The Daily Mail reports: Pubs and restaurants could stay closed until July after Government chiefs chose to extend the lockdown powers given to councils.  The specially-created powers, which give local authorities in England the ability to close venues and tape-off public areas due to coronavirus, were due to expire next week.  But in a blow to millions of Britons hoping for a summer of reduced restrictions, Government chiefs have now extended the laws until mid-summer. The move does not mean lockdown has been extended. But it does mean the powers are in place should the Government decide to push back its current lockdown timetable.  Frustrated Tory backbenchers have  called on the Government to release its road-map out of lockdown – as the UK’s vaccine roll-out total hit more than five-million.



From The SUN:  Hancock has warned we still have a “long, long way to go” before lockdown ends. He told Sophy Ridge on Sunday cases are nowhere near low enough to see an end to the draconian lockdown measures. Data from Saturday, January 23 saw deaths rise by 1,348 as fatalities topped 1,000 for the fifth day running. Infections increased by 33,552, bringing the total to 3,617,459.



The Express reports: Furious MEPs have begged the EU to take action after Jersey restricted French vessels from fishing in English Channel waters. Fishing in Jersey had previously been managed under the Treaty of the Bay of Granville which presided over the destinies of the fishing rights of French boats in Jersey waters since 1839. However, officials from the Jersey Government had been negotiating with French officials on future access terms since the UK left the EU. Jersey is not part of the UK and manages a large number of Brexit affairs domestically including fishing vessel licensing. As part of a temporary deal, it was expected French vessels, which significantly outnumbered the Islands own vessels, were still allowed to fish in the islands’ waters due to the previous Treaty while negotiations took place. However, the Channel island removed those temporary measures and are now seeking to implement a new strict proposed licencing regime due to legal issues.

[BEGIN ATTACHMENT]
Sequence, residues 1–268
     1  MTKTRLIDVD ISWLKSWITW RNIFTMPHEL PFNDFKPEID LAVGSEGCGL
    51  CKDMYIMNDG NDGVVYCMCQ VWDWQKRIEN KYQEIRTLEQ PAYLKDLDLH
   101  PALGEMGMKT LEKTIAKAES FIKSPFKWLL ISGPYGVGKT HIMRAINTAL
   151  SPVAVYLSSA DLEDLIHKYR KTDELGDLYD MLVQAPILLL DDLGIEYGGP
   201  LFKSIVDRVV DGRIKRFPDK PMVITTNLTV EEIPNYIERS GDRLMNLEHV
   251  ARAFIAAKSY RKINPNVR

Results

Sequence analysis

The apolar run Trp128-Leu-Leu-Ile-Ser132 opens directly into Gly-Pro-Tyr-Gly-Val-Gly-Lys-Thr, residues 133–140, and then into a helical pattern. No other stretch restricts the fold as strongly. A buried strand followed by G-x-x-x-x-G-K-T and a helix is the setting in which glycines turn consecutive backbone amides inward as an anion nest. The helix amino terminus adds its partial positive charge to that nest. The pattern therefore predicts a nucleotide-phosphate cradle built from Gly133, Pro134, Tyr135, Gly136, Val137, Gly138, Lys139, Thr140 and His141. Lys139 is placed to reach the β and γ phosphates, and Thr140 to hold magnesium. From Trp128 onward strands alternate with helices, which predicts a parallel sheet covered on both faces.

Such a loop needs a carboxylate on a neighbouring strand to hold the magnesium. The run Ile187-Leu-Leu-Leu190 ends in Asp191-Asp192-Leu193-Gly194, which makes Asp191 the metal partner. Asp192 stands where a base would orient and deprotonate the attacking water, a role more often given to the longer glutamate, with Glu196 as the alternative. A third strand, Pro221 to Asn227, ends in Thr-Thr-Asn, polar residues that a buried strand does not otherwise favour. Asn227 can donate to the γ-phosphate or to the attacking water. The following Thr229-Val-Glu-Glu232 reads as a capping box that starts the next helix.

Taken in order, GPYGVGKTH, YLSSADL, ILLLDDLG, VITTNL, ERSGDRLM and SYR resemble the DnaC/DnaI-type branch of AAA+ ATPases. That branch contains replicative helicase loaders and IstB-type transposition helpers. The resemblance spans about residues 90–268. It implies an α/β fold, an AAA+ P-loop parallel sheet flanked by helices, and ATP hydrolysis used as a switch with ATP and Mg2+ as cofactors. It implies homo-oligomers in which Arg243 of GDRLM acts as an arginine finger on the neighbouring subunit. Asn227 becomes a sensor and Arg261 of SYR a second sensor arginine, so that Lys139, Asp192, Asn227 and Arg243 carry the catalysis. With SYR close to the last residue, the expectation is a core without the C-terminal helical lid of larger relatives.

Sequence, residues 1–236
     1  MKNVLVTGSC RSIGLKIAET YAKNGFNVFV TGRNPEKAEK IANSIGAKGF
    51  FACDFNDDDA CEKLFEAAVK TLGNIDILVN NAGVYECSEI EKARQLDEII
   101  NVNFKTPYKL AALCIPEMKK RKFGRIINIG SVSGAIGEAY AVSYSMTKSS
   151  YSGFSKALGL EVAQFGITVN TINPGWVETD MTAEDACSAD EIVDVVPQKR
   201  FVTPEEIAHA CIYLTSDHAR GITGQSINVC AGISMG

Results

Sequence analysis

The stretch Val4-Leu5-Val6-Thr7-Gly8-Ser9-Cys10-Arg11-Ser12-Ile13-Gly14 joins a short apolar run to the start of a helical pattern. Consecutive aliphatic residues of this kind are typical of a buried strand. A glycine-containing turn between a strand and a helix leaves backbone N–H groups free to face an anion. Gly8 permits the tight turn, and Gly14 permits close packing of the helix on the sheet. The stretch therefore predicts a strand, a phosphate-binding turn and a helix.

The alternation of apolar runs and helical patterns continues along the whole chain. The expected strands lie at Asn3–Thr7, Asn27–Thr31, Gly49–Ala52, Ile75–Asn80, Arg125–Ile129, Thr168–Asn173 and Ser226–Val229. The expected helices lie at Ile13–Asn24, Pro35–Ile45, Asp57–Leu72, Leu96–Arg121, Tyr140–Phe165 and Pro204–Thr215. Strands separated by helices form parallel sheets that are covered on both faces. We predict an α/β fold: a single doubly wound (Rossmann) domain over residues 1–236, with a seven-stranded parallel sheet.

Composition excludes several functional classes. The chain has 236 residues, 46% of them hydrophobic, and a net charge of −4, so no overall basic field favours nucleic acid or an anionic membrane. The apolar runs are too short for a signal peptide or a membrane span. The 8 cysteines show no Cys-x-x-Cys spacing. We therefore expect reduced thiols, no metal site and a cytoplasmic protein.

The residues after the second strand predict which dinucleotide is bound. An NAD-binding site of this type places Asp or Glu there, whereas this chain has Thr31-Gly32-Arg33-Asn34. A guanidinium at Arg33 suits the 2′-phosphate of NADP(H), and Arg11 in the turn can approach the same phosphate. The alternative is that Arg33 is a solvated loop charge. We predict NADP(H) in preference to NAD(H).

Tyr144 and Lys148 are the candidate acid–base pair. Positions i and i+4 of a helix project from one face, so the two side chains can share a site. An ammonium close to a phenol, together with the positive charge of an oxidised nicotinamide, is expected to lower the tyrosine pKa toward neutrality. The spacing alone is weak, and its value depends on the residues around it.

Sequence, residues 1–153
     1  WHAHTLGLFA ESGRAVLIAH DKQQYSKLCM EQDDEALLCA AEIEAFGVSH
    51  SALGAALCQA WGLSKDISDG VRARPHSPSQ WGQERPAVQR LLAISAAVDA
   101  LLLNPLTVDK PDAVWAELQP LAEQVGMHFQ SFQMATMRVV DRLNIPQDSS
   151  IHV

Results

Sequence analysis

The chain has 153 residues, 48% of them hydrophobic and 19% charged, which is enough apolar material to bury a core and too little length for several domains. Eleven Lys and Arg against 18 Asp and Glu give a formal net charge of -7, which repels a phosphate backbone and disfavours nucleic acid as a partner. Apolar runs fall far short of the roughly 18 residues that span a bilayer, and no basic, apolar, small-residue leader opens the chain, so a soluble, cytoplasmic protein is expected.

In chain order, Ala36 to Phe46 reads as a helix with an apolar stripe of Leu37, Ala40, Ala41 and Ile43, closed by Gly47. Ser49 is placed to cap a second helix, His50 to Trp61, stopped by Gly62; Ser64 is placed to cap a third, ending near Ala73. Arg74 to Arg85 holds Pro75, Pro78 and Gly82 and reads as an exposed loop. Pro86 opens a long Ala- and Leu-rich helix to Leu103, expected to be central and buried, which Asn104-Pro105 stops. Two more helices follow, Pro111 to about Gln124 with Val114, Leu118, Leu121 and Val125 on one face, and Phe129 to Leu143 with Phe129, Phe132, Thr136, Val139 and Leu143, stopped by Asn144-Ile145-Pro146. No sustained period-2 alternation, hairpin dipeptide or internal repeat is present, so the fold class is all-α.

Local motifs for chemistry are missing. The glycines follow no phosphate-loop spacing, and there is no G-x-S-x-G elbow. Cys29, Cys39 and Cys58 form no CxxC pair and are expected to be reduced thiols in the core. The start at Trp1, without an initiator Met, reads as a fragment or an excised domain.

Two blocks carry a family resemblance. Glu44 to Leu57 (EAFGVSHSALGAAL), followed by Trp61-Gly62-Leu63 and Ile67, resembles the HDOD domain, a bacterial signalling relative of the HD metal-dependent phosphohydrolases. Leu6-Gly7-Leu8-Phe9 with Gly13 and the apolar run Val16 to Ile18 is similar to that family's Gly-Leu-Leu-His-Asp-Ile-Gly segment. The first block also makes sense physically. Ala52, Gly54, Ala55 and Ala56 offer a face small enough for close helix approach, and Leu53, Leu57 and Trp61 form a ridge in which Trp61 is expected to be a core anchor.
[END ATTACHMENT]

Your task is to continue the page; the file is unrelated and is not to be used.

The INDEPENDENT reports that  every swear word in the English language has been ranked in order of offensiveness. The UK’s communications regulator, Ofcom, interviewed more than 200 people across the UK on how offensive they find a vast array of rude and offensive words and insults. People were asked their opinion on 150 words in total. These included general swear words, words linked to race and ethnicity, gender and sexuality, body parts and health conditions, religious insults and sexual references, as well as certain hand gestures. They were asked to rate words as mild, medium, strong or strongest. Words rated as mild were thought to be okay to use around children, whereas medium words were seen by most to be potentially unacceptable before the 9pm watershed. The vast majority thought the strong words should definitely be saved for after 9pm. For sexual insults, most words were rated as strong.



The Times reports: MPs are charging the taxpayer for heating and electricity they used while working from home during lockdown. Most workers, on the other hand, are forced to pay out of their own pockets. Despite working largely remotely during the first lockdown last year, MPs claimed £9.1m in expenses, 11% more than during the same period in 2019.



From the Independent: A former Brexit Party MEP has died in a diving accident near his home in the Bahamas. Robert Rowland, 54, represented the southeast of England at the European Parliament from July 2019 until December 2020. Nigel Farage announced the death of the father-of-four, who was born in Bowdon, Greater Manchester, on the website of the Reform Party, the new name for the Brexit Party. He said: “It is with great sadness that I have to announce the death of Robert Rowland, after a diving accident near his home in the Bahamas.”